Just how good is Bates’ feel for the game? How does his style of play project to contribute to winning down the road? Has he missed opportunities to develop his knowledge of the game due to the lack of high-level coaching he’s received thus far and the poor level of talent surrounding him? These are all fair questions being asked by evaluators. Becoming less predictable with his moves, developing counters when cut off, learning to simplify the game, read the floor better and not just settling for the first shot he can find will be major priorities for him moving forward to reach his sky-high potential.
Bates also has work to do on the defensive end, where his effort ranged from disappointing to downright dreadful at times. He mostly stands around off the ball, rarely getting into a stance or showing any type of fight getting over screens or back into plays after being beaten off the dribble. He’s not very physical getting on the defensive glass where his lack of length and bulk shows. It’s not rare for players this age to show little effort on the defensive end, but it’s certainly something he can address to become a more well-rounded player who contributes to winning when his tough jumpers aren’t falling.
— Jonathan Givony
Bates turned 17 on Jan. 28. How does he compare with other players you evaluated at the same stage? Is he still on track to be a No. 1 NBA draft pick?
Bates is ahead of or just as good as any wing player I’ve seen at this age, and I’ve yet to see a better long-term prospect than him in the 2022 class thus far, although there are several players I have yet to get fresh eyes on in a while due to the circumstances of the pandemic — for example Scoota Henderson, who is drawing rave reviews for his play.
It’s important to note that every top player I’ve watched since I started evaluating the draft in 2003 has gone through ebbs and flows in their development where people questioned the development path they are on, including Zion Williamson, Luka Doncic, Jayson Tatum, Ben Simmons, Markelle Fultz, Andrew Wiggins and others. That comes with the territory and was bound to happen for Bates as well. These type of feedback loops — where it’s not simply smooth sailing from start to finish — can actually be very positive if channeled the right way, as every young prospect has many things they can improve on.
Emoni Bates is the first sophomore to ever win the Gatorade National Boys Basketball Player of the Year award. See why with his electrifying mixtape.
It’s actually easier to be the type of prospect who “sneaks up” on people as their career unfolds — think Anthony Davis, Giannis Antetokounmpo, James Harden, Steph Curry, Joel Embiid, Brandon Ingram and others — as opposed to being anointed from an early age. In some ways, Bates is a victim of the extremely high bar he set for himself as a 14-year-old, generating accolades and expectations that were always going to be incredibly difficult to live up to and hinged partially on things he doesn’t control, like physical growth. I’m not sure any prospect has ever faced more scrutiny from an earlier stage than Bates has, and that’s an enormous amount of pressure to put on someone that age.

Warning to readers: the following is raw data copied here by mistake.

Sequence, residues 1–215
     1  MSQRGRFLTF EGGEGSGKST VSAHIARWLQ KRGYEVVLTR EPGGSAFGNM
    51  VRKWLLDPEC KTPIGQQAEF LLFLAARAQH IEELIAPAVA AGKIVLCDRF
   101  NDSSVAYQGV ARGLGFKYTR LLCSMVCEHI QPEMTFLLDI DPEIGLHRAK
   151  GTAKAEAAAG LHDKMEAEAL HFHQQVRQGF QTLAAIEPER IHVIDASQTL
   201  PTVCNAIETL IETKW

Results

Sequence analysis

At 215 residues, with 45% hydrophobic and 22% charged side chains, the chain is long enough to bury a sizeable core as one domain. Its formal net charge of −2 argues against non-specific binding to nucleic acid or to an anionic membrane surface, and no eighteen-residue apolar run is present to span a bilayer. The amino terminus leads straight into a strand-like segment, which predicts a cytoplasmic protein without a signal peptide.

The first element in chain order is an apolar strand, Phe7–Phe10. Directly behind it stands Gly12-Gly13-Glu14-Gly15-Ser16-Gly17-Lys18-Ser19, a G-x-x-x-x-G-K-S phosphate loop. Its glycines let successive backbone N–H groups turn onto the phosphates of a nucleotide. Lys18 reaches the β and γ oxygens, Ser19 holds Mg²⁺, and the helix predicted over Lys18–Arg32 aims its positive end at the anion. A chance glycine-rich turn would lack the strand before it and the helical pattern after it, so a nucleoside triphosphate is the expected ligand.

It’s also important to note that we’re coming off a very difficult year development wise for all high school prospects due to the lack of gym time and the fact that so many events were canceled. Every team Bates faced in Indianapolis was gunning for him and looked extremely prepared with their game plan for how to defend him.
If I were Bates, I would cut out the noise and focus every waking moment of the next 26 months before becoming NBA draft-eligible on executing a long-term development plan that is 100% focused on basketball, including strength and conditioning, nutrition, film study, ironing out the mental aspects and plenty of work on things beyond his incredibly advanced shot-making ability, including defense, passing and generating high-percentage offense. He’s probably not going to end up being the generational talent that some hoped he would become when he was 14, but I think he’s got a great chance to be the best player in his class still and an NBA All-Star if he can get his development back on track.
— Jonathan Givony
What is the latest with Bates’ college vs. pro decision? Are there any indicators for how that decision is trending?
Bates’ decommitment caught plenty of industry people by surprise. He announced his decision to attend Michigan State last summer. At the time, the Spartans were really the only school recruiting him. Tom Izzo was the only coach to call Bates on June 15, 2020, when colleges could contact high school sophomores directly, and he consistently went to Bates’ games when everyone else seemed to avoid his recruitment.
That’s no longer the case. Texas offered Bates almost immediately after reopening his recruitment, and several schools have followed. Tennessee offered him over the weekend, as did Memphis. That’s already more offers than he had before committing to Michigan State. Sources have indicated there’s at least some interest on Bates’ side of going to college.
Jeff Borzello breaks down how Emoni Bates becoming the first sophomore to win the Gatorade National Boys Basketball Player of the Year award is the next step in what should be a legendary basketball career.
In terms of a college vs. pro decision, it’s still very much a wait-and-see situation with Bates. One could point to his decommitment and say that he didn’t need to decommit from Michigan State just to turn pro or go to the G League. One could also cynically look at his decommitment and wonder whether it’s simply a move to get more coaches at his team’s games when the recruiting period opens back up.